At Kaiser Permanente prevention is our most common prescription for illness and injuries. Just as with other medical conditions, burns can be prevented with awareness.
We specialize in the evaluation and treatment of burns less than 15% of total body surface area (TBSA), and without inhalation injuries, as well as non-pediatric members. Due to the complexity of burn injuries, members will be evaluated on case-by-case basis for admission. If a member has a burn greater than 15% TBSA, he/she will be referred to a non-KP Burn Center.
Burns requiring a non-KP Burn Center specialist would include:
- Burns greater than 10% TBSA in a child or 15% TBSA in an adult
- Burns complicated by inhalation injuries and/or fractures
- Electrical burns
- Select deep second and third degree burns involving critical areas, e.g., hands, face, feet and genitalia
- Significant burns involving patients with major psychiatric disorders
- Select burns in infants with underlying medical or psychosocial needs
About Burns and How To Get Care
- How To Get Care
We are a Referral Only department. The Emergency Department physician, pediatrician, or surgeon will contact Plastic Surgery directly for burn evaluations. Our plastic surgeon will help determine patient disposition to burn centers or burn specialists.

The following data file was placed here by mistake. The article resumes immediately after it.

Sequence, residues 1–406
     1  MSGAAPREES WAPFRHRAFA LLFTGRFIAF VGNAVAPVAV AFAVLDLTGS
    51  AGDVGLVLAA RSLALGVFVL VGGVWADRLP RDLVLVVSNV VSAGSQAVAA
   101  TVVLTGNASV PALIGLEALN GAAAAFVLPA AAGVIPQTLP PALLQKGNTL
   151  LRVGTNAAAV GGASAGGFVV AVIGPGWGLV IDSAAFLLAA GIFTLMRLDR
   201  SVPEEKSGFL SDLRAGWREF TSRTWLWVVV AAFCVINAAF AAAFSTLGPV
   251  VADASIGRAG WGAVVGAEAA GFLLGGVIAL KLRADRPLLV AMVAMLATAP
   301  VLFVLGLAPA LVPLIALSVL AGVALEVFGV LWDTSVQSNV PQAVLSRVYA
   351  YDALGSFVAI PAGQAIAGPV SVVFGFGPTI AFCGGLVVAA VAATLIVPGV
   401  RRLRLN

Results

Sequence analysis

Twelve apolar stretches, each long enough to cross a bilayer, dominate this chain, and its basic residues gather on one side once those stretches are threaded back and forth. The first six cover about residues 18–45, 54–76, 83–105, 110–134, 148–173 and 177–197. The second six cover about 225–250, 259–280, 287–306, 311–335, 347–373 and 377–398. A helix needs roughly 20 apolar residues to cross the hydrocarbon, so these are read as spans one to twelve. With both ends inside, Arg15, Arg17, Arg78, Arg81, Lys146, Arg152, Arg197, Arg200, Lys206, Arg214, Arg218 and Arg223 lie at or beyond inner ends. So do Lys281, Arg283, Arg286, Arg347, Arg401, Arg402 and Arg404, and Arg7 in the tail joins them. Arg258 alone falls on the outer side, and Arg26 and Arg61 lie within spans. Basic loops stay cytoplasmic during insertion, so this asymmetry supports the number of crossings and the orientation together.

- How to estimate the burned surface areas in adults and children
The body is divided into anatomical regions that represent 9% of the total body surface area (TBSA). The rule of 9’s is commonly used to estimate the burned surface area in adults figure 1); but it’s too imprecise for estimating the burned surface area in children because the child’s head and extremities represent different proportions of surface area than in an adult (figure 2). Burns greater than 15% in an adult and greater than 10% in a child or any burn occurring in the very young or elderly are serious. Morbidity and mortality rises with increasing burned surface area. It also rises with increased age so that even small burns may be fatal in elderly people.